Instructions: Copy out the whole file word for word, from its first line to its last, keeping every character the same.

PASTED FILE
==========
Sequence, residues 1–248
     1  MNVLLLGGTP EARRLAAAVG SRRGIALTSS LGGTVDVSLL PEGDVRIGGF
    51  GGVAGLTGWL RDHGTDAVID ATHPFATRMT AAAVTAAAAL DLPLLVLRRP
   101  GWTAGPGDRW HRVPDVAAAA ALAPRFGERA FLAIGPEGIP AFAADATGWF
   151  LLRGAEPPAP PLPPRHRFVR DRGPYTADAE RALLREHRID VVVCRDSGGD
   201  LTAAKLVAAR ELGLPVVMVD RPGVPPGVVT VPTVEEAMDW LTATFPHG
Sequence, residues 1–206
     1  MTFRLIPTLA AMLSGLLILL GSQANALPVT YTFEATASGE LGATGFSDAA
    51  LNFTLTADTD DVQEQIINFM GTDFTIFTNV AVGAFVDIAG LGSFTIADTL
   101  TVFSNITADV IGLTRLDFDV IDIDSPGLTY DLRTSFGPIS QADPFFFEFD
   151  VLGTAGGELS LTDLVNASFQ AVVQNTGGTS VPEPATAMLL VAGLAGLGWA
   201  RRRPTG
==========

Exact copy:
Sequence, residues 1–248
     1  MNVLLLGGTP EARRLAAAVG SRRGIALTSS LGGTVDVSLL PEGDVRIGGF
    51  GGVAGLTGWL RDHGTDAVID ATHPFATRMT AAAVTAAAAL DLPLLVLRRP
   101  GWTAGPGDRW HRVPDVAAAA ALAPRFGERA FLAIGPEGIP AFAADATGWF
   151  LLRGAEPPAP PLPPRHRFVR DRGPYTADAE RALLREHRID VVVCRDSGGD
   201  LTAAKLVAAR ELGLPVVMVD RPGVPPGVVT VPTVEEAMDW LTATFPHG
Sequence, residues 1–206
     1  MTFRLIPTLA AMLSGLLILL GSQANALPVT YTFEATASGE LGATGFSDAA
    51  LNFTLTADTD DVQEQIINFM GTDFTIFTNV AVGAFVDIAG LGSFTIADTL
   101  TVFSNITADV IGLTRLDFDV IDIDSPGLTY DLRTSFGPIS QADPFFFEFD
   151  VLGTAGGELS LTDLVNASFQ AVVQNTGGTS VPEPATAMLL VAGLAGLGWA
   201  RRRPTG